This coalition coalescing around Supervisor David Campos’s and Assemblymember Tom Ammiano’s initiative included the San Francisco Labor Council, Unite–Here Local 2, SEIU 1021, OPEIU 3, California Nurses Association, NUHW, Health Access, ACCE, and the San Francisco Organizing Project (PICO), with support from many other community and labor partners.
Below is the San Francisco Chronicle article that outlines these legislative victories.
Worker Retention Ordinance – 11-0
As these Tuesday, June 7, 2014 votes rolled along we experienced a final convergence of what I will call, in racing terms, a Trifecta of victories. This third workers’ rights achievement culminated with the Supervisors passing an ordinance amending the Police Code to require large hospitality industry employers to retain employees for up to 90 days upon a change in control of the hospitality establishment. This was passed without objection by all 11 supervisors. This legislation built upon an ordinance that was passed over ten years ago to keep worker stability in the commercial real estate industry where building owners, upon changing janitorial and security officer companies, were required to keep the previous company’s employees for 90 days and not create instability, job turnover, and job insecurity for dedicated workers in service sector jobs who had no say in the building owners business decisions to change contractors.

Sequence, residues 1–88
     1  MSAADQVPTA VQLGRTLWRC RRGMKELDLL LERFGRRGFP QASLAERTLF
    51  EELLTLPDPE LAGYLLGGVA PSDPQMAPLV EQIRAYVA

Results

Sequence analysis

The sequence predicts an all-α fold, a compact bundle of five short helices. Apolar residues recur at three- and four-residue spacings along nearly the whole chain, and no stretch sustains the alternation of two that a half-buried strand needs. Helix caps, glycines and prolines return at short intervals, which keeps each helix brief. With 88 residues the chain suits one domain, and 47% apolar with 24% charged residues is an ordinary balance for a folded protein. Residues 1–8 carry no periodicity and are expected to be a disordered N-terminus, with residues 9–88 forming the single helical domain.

UNITE Here Local 2 and SEIU Locals 87 and USWW were instrumental in fighting for this protection for all workers, whether covered by a collective bargaining agreement or not. This ordinance further secured worker security and stopped the wholesale job turnover by employers who care more about the bottom line than the workers who actually do the work.
This new Hospitality Job Security Ordinance requires new operators of tourist hotels and large food service facilities to rehire the employees who served at that location under the previous management. When a new owner or operator takes over, they will have to offer jobs to the previous employees for a period of 90 days. During that time, they can only terminate workers for just cause.
As a result of this ordinance, hospitality industry employees will have the security of continued employment for a short period of time, during which they could demonstrate to the new employer that they are qualified to do the work required, or find a different job. This would bring much-needed stability to key segments of one of San Francisco’s most important bases of employment.
Summary of San Francisco victories
These days of victory are rare in this new climate of Tea Party anger and corporate attacks on immigrants and unions. We should applaud when the American Dream is advanced in our communities with policies to help workers stay in their homes by getting a raise, keeping their jobs, and achieving healthcare coverage. We in the Labor Movement are proud of our collective bargaining agreements that provide workers with a voice at work. We are also proud that we are now expanding collective bargaining in the legislative and political arena for all workers.